Federal Highway Administration issues new bridge preservation guide

Posted in: Bridges, Cultural Resources

Bridge Preservation GuideThe Federal Highway Administration issued an updated Bridge Preservation Guide. The guide provides definitions and a framework for state departments of transportation, municipalities and other bridge owners to develop a successful bridge preservation program. This is recognized as an important part of a broader asset management program to address aging infrastructure.

While not specifically geared towards historic bridges, the guide identifies preventative maintenance for bridges in good condition to ensure they remain in active service. Bridges in fair condition can improve through conditioned-based maintenance and rehabilitation. For historic bridge owners, an ounce of prevention (well-timed maintenance) is truly worth a pound of cure (increased service life). The graphic with this blog shows how. Bridge preservation incurs costs, but longer service life means lower annualized costs over the life of the structure.

Bridge condition graphic

The guide also provides steps to establish a bridge preservation program, which summarized are:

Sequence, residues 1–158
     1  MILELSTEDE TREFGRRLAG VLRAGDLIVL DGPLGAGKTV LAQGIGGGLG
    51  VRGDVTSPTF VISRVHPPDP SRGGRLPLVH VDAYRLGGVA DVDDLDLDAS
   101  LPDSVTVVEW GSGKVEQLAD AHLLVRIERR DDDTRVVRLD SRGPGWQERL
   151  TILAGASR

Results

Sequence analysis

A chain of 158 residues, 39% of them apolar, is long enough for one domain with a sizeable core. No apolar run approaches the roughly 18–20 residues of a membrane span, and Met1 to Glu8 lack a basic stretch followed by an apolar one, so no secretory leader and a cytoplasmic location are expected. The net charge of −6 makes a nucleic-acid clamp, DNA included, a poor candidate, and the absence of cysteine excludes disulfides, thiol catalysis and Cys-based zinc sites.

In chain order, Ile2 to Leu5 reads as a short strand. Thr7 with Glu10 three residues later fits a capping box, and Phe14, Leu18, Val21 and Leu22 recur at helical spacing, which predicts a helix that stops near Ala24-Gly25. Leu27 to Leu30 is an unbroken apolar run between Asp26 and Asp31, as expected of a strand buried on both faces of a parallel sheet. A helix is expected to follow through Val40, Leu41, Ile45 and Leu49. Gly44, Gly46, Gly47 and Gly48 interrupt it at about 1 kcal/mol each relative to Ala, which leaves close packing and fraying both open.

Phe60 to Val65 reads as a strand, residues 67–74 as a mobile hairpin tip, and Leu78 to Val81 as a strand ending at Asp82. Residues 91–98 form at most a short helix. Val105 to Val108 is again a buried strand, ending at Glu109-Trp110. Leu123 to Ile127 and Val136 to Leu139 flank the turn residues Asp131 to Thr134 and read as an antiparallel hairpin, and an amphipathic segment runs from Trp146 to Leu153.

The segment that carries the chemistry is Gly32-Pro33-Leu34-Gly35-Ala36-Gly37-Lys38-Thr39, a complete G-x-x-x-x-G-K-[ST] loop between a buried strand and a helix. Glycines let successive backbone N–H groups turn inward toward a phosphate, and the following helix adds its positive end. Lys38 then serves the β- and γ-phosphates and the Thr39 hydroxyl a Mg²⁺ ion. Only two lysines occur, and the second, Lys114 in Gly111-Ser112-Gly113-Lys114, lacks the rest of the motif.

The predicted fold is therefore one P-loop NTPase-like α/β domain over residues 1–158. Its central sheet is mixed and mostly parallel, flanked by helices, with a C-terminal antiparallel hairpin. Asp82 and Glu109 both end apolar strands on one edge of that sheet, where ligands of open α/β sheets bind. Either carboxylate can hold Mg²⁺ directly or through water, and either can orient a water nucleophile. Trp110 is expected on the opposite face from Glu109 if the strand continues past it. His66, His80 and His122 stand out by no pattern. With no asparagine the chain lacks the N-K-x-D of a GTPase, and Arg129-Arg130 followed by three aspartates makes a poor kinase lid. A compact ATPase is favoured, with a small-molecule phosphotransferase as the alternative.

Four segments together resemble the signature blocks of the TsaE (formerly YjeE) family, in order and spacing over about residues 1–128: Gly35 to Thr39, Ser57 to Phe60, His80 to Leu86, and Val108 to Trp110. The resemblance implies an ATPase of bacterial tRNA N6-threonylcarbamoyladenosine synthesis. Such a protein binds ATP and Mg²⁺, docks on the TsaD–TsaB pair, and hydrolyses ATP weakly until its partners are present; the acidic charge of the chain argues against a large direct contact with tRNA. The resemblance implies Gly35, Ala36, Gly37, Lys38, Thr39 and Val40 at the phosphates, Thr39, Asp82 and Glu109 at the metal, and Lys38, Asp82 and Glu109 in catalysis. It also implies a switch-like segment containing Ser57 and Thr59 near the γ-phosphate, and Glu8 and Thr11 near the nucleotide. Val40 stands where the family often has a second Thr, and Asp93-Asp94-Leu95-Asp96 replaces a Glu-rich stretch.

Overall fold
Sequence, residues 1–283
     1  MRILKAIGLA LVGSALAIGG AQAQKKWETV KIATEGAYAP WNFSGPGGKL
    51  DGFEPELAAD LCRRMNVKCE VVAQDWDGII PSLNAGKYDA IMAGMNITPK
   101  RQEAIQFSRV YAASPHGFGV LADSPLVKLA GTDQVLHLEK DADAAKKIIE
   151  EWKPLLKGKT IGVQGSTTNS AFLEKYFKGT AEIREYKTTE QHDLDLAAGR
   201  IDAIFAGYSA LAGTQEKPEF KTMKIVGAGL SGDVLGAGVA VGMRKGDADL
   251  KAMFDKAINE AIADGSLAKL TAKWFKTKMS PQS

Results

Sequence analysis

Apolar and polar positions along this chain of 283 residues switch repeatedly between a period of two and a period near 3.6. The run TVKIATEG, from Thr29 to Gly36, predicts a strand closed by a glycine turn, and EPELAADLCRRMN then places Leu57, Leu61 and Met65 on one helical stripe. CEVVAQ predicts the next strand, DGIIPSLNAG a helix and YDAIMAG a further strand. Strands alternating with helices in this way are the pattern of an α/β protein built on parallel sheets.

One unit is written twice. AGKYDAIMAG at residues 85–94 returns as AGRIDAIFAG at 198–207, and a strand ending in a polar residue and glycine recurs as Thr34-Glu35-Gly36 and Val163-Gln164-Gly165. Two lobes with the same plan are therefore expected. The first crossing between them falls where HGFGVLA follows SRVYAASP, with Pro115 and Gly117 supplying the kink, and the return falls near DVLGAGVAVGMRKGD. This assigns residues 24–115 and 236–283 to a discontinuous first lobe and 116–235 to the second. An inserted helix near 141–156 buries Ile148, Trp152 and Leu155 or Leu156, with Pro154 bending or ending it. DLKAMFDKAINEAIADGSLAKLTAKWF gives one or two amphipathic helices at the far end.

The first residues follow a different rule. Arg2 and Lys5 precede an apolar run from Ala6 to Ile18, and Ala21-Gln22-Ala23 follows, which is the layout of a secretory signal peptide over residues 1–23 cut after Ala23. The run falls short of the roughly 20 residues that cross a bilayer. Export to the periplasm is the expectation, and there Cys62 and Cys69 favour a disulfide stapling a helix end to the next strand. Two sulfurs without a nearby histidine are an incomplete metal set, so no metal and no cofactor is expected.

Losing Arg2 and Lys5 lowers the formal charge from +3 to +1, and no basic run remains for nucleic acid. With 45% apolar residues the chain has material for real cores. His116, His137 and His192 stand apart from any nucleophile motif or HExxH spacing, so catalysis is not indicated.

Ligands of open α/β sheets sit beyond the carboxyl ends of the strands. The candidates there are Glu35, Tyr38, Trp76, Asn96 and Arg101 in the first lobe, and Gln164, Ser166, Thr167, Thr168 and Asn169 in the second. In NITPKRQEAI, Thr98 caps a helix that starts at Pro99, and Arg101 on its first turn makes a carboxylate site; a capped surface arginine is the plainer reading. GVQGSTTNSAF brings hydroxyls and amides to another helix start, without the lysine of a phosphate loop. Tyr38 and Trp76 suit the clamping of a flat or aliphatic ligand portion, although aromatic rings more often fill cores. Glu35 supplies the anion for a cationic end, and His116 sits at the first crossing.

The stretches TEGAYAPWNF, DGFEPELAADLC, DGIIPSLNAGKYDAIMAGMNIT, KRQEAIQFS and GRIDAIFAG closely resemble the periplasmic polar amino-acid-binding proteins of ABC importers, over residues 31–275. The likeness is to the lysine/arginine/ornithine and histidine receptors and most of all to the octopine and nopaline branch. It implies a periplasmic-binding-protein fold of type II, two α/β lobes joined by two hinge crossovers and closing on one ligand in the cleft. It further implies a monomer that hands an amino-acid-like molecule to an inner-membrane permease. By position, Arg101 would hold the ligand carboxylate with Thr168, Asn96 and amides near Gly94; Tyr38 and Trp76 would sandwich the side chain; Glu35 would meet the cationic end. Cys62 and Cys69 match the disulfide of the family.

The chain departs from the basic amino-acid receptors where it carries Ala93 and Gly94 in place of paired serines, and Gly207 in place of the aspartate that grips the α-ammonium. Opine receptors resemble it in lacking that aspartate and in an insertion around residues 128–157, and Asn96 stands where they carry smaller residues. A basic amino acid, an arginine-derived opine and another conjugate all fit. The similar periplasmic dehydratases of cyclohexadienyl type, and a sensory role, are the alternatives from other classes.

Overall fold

• Identify agency goals and objectives
  • Identify and prioritize bridges to preserve
  • Develop preservation actions and plans
  • Develop performance measures and evaluation methods
  • Dedicate funds, implement, and evaluate projects
  • Monitor and measure performance of program

Bridge preservation is made more cost-effective through use of federal programs and legislation with funds available for certain maintenance and preservation activities.

Mead & Hunt has worked with state DOTs, such as the Louisiana Department of Transportation and Development, to inventory historic bridge populations and develop effective compliance and preservation programs. This has resulted in a streamlined Section 106 process while focusing preservation efforts on historic bridges with acceptable function and condition. The FHWA’s updated Bridge Preservation Guide provides a foundation for such programs.

Amy Squitieri

About the Author

Amy Squitieri, an expert in historic bridges, helps states and bridge owners balance engineering needs for safety and good function with interests to preserve the legacy of the past. “Success is when an owner can reuse their existing infrastructure in a way that’s both functional and retains important aspects of engineering heritage,” says Amy. She leads Mead & Hunt’s Environment and Infrastructure Group.

Read more posts by Amy Squitieri

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